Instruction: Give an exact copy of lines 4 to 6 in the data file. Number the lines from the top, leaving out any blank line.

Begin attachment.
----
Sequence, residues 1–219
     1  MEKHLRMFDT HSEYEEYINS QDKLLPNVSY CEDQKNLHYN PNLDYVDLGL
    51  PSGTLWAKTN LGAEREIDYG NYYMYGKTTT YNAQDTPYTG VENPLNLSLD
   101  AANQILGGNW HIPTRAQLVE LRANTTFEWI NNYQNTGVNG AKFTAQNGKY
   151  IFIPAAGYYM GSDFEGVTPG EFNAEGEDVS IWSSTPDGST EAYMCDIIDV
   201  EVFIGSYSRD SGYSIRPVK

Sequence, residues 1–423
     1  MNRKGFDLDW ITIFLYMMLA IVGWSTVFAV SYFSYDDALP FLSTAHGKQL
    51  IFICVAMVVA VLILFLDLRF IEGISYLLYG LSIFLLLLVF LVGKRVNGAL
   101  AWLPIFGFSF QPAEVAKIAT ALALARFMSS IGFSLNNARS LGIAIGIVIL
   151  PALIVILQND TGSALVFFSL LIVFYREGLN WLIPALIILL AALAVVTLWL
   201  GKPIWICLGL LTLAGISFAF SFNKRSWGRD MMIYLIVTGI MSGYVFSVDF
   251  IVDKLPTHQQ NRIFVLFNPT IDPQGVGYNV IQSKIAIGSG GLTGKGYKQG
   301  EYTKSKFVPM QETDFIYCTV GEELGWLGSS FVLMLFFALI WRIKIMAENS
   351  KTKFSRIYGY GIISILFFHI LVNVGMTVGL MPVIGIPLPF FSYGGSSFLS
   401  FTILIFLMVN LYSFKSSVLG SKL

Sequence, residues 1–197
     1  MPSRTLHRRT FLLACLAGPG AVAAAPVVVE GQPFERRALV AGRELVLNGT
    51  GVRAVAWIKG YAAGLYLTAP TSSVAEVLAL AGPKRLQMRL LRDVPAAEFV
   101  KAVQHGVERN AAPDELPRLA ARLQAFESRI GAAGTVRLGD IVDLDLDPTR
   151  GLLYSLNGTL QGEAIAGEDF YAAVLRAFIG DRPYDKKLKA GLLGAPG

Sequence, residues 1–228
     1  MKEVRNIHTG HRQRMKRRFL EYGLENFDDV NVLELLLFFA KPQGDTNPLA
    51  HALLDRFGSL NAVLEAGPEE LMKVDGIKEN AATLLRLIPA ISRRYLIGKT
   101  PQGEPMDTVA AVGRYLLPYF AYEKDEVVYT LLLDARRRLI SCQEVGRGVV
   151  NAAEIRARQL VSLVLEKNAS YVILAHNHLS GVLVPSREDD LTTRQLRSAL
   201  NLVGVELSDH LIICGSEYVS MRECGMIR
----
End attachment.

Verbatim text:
   101  AANQILGGNW HIPTRAQLVE LRANTTFEWI NNYQNTGVNG AKFTAQNGKY
   151  IFIPAAGYYM GSDFEGVTPG EFNAEGEDVS IWSSTPDGST EAYMCDIIDV
   201  EVFIGSYSRD SGYSIRPVK